What I love most about sewing for my girls is that I can coordinate them yet design for each of their personalities and body types. It gives me so much joy to think about what would compliment each girl individually, then try to dovetail those designs with an overall concept.
Grecian Ombre Maxi-dress
I'll get to the ombre dyeing later, but I also added the embellishment of ombre knit flowers made from the same fabric as the dress. These are super simple.
|For a Grecian dress, I designed a Grecian braid. Anyone interested in a tutorial?|
Designer Ruffle Ombre Maxi-dress
Extrapolating the shape of the rest of the skirt from where the shirt ended, I ended up with a v-neck design tight through the waist and flaring slightly through to the floor.
But the true joy is in the ruffles embellishing the front of the dress.
I knew what I wanted to do here when I found this instructional guide among a box of random interesting stuff my grandma gave me years ago and I've been just recently going through a bit at a time.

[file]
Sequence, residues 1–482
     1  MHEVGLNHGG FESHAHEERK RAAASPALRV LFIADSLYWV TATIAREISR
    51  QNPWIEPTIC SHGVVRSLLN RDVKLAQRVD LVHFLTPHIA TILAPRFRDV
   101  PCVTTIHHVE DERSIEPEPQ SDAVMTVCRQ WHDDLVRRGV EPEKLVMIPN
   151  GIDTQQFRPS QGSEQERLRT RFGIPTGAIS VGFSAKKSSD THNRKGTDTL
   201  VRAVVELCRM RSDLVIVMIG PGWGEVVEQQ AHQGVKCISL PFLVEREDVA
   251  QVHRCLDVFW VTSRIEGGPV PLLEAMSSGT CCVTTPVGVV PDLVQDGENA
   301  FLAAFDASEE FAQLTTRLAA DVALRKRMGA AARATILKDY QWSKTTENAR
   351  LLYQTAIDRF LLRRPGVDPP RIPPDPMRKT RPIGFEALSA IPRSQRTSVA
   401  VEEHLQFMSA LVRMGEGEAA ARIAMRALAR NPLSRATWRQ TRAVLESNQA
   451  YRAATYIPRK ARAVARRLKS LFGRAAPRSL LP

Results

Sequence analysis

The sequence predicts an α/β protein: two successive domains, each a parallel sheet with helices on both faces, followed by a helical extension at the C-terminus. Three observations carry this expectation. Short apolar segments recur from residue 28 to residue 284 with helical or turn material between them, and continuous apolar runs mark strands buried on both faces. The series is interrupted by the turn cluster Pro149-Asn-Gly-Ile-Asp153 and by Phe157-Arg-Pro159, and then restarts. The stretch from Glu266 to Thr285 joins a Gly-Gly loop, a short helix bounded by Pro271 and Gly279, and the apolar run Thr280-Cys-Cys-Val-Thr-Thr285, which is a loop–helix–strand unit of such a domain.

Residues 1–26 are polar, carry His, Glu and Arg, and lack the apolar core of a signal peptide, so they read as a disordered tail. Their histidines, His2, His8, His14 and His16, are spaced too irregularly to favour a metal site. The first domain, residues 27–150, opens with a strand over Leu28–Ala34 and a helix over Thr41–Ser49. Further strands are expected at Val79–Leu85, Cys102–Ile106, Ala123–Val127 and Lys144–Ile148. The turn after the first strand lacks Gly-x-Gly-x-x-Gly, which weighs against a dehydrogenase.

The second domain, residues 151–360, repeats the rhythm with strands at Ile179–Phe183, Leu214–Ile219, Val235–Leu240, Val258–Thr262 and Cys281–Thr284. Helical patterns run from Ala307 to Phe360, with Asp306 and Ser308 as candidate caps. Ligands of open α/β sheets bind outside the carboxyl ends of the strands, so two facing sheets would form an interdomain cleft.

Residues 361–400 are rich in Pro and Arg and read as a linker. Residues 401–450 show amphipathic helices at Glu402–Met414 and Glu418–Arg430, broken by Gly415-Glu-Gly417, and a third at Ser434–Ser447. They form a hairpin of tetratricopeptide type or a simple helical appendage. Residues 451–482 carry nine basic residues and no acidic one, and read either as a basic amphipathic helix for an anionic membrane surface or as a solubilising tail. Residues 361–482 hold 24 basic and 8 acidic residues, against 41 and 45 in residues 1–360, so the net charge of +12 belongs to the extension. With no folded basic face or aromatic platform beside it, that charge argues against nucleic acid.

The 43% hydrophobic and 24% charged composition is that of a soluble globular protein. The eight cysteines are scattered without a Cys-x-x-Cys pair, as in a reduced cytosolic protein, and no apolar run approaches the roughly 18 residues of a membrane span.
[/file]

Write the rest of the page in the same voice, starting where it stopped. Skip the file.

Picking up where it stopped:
Back to the butterfly dress . For this dress I used Simplicity 5695, and combined views to get the desired result. I did shorten the sleeve a little to get more of a cap-sleeve. Then I took a couple of butterflies, backed them with pink knit, and sewed them on through the center of the butterflies as a dimensional appliqué.
I started off my ombre experiment by following the ombre dyeing instructions on the RIT dye website. More or less. I didn't wrap my dresses around a pole, and I didn't dye to the top of the dress - just the bottom.
My first dye job was a failure :( I was so excited by how the dresses looked. The Grecian dress was finished except for the flowers, the ruffle dress wasn't anywhere near finished, since I had to individually dye each ruffle and the sleeve ruffles before sewing them on, but I could still see how gorgeous they were going to be. I followed the instructions - rinsed in cold, then in warm, then washed in the washing machine. All the dye came out. Almost all the dye. Enough stayed in to make the pink dresses look dirty, like they had been in the mud. I was SO upset! I was ready to sew on the ruffles and have the girls wear them to church the next day! Alas, it was not to be.
But if at first you don't succeed, dye, dye again. With a second packet of RIT, this time I followed the instructions on the box, boiling the water. This process wasn't quite so fun. Working over boiling water was hot and sweaty, especially as I employed dip-dye techniques of keeping the fabric moving almost constantly to avoid lines of dye. Plus these instructions double the ombre instruction dye time - so it takes twice as long! But it WORKED!!
|First Attempt Dyeing Flowers: Wicking|
|Second Attempt Dyeing Flowers: Tie-Dye|